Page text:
There are two different types of dividends, and you can see all dividends received in Line 3 of Form 1040. Line 3, Box 3a, shows Qualified Dividends. If you receive dividends, you generally want to see the vast majority of them in this box. Qualified Dividends receive the preferred capital gains tax rate – which tops out a maximum of 23.8%. Each individual investor may be taxed at a lower rate than that, depending on their income level. Regardless, the rate is going to be considerably lower than the full-board income tax rate.

The least favorable scenario is to have a lot of dividends included in Box 3b – Ordinary Dividends. These dividends, like interest, are taxed at Ordinary Income Tax rates. If you are curious, among the types of investments that pay these types of dividends are Trusts (such as REITS), Partnerships (like MLPs), and foreign stocks where there is no qualifying tax treaty with the U.S. Some of these may generate an attractive enough total return to make the extra tax burden worthwhile. But do your research and fully understand what the tax impact may be.

Focus item #3 – Capital gains

Who doesn't like making money?!? On the face of it, capital gains seem like a good thing. You might think to yourself: "But don't I want capital gains in my portfolio as that means I am making money." Let's demystify this one.

There is a difference between 'growing capital' / 'growing wealth' and generating realized capital gains. Line 7 will show the total amount of realized capital gains for the tax year. This is different from appreciation in the portfolio. If you see a sizeable number listed here, it makes sense to investigate further by looking at Schedule D to see if the majority of it is long-term capital gains or short-term capital gains. Long-term capital gains receive the preferred tax rates I mentioned earlier. Short-term capital gains should be kept to an absolute minimum as they are 1) taxed at the higher income tax rate and 2) could be indicative of an investment strategy that is not long-term focused.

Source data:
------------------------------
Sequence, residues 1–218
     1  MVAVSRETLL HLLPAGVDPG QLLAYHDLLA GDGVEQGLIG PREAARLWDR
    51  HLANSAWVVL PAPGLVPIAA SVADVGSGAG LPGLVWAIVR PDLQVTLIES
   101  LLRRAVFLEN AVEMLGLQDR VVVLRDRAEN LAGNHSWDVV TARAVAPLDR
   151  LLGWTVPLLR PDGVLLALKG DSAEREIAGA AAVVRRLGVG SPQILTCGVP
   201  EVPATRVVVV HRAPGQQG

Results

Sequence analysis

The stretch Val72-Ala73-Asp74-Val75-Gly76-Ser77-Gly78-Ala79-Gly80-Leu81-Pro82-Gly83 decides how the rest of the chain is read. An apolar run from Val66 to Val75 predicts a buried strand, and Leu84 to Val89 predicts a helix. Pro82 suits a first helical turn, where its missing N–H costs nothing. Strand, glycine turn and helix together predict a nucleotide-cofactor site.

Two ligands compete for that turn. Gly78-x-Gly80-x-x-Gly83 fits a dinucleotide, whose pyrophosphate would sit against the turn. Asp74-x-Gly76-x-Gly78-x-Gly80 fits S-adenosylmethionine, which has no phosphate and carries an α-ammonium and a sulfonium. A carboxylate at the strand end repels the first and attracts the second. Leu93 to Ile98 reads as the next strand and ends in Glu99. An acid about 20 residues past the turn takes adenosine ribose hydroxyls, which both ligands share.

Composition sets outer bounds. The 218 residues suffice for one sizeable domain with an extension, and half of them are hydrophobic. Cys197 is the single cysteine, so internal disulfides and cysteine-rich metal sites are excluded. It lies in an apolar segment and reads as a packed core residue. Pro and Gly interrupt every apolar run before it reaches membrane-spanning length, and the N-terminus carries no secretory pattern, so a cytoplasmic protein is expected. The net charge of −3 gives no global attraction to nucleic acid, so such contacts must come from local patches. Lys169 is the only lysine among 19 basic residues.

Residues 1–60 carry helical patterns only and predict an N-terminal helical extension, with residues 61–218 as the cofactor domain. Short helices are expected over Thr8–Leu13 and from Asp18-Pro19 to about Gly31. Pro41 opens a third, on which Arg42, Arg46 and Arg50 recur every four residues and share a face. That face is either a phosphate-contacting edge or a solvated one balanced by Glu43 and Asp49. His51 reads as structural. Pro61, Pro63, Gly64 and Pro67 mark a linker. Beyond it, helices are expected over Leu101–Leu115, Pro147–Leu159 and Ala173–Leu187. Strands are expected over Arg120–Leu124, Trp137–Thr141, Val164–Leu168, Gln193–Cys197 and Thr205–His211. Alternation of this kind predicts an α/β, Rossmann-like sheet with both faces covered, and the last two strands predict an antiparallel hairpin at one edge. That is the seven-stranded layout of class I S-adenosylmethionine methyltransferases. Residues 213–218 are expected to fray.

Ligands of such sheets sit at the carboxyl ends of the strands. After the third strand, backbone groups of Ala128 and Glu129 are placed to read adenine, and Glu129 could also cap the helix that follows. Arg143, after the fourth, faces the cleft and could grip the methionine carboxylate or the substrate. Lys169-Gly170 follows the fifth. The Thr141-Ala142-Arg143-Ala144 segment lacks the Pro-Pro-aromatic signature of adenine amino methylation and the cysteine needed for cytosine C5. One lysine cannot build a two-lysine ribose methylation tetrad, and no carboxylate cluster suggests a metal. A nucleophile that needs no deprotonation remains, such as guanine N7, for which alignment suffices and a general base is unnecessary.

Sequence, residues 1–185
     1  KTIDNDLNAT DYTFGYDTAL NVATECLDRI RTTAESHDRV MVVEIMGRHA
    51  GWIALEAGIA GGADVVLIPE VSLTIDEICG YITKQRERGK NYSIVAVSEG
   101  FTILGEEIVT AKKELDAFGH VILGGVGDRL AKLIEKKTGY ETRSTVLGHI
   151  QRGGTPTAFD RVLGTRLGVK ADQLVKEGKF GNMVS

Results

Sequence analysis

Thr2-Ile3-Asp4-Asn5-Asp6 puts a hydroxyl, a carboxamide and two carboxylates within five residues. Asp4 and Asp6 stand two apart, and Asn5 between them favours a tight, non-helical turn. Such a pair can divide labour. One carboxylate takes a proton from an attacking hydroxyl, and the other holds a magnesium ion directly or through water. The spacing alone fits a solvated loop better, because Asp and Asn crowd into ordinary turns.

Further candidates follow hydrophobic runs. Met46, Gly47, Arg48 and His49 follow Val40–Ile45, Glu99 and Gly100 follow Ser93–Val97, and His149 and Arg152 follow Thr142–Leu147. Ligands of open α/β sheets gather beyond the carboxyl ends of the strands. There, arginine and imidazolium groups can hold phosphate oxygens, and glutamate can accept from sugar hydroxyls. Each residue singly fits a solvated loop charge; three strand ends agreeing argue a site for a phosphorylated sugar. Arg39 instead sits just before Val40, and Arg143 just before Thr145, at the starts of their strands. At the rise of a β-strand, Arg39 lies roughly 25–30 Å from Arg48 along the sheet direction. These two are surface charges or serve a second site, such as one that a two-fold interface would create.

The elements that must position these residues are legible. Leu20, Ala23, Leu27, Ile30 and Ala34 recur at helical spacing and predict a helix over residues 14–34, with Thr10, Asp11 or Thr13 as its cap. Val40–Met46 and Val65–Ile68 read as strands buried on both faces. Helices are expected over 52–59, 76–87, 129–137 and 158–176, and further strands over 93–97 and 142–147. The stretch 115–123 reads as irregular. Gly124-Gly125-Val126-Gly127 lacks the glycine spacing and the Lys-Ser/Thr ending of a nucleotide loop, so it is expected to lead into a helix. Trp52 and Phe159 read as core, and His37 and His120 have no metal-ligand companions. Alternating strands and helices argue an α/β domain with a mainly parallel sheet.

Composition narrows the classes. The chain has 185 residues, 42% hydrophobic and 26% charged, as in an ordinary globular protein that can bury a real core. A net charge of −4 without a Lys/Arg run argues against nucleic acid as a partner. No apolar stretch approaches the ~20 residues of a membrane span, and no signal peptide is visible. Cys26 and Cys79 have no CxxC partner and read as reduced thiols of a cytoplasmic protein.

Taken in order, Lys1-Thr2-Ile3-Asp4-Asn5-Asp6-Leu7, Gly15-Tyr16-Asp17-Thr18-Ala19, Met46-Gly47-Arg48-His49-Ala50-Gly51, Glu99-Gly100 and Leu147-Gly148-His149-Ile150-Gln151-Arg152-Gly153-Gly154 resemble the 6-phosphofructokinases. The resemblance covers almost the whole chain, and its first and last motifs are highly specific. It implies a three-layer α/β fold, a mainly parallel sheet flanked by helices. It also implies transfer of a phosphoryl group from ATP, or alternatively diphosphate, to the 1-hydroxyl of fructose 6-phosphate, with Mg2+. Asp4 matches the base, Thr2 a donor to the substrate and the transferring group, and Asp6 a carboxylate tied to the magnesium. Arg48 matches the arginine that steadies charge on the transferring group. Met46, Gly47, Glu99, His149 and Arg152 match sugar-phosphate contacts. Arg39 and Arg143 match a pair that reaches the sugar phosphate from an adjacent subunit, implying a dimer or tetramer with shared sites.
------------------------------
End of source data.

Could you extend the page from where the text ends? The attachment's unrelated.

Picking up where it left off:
Growing wealth and growing your capital is about investing for the long term with a strategic plan. While yes, at times, capital gains will be realized when certain activities happen in your portfolio, they should be 1) small, 2) long-term capital gains, and 3) infrequent. Lots of capital gains are realized on a frequent basis, with many of them being short-term gains. This implies a strategy that may not be suitable for a client's taxable investment account or tax situation. If you see a sizeable figure in Line 7 relative to what might be expected for the income level, and if on the Schedule D, much of it is short-term capital gains – it's time to do some research. There could be an easy fix to slow down and even stop the leakage being experienced because of taxes.

MSCI China price book ratio

Your post-Tax Day check-up: Do it now, as waiting will only cost you more!

Everyone should enjoy the better weather, the singing birds, and the beautiful blossoms spring brings with it. However, it would help if you also did a check-up on your client's tax situation once the April 15th filing process is completed. Taking a deeper dive into what taxes were paid for 2023 and what types of income should help you find ways to reduce them for the 2024 tax year.

Often, it's items we take for granted or think are inconsequential that could make for a larger amount owed to the Internal Revenue Service in taxes than expected. Using the Form 1040 to help your clients uncover line items that may be generating an unnecessary tax cost and address it now may mean that next year (and beyond), they will pay less tax on their investments. It's not what you make, it's what you get to keep that matters!

Access our Form 1040 Guide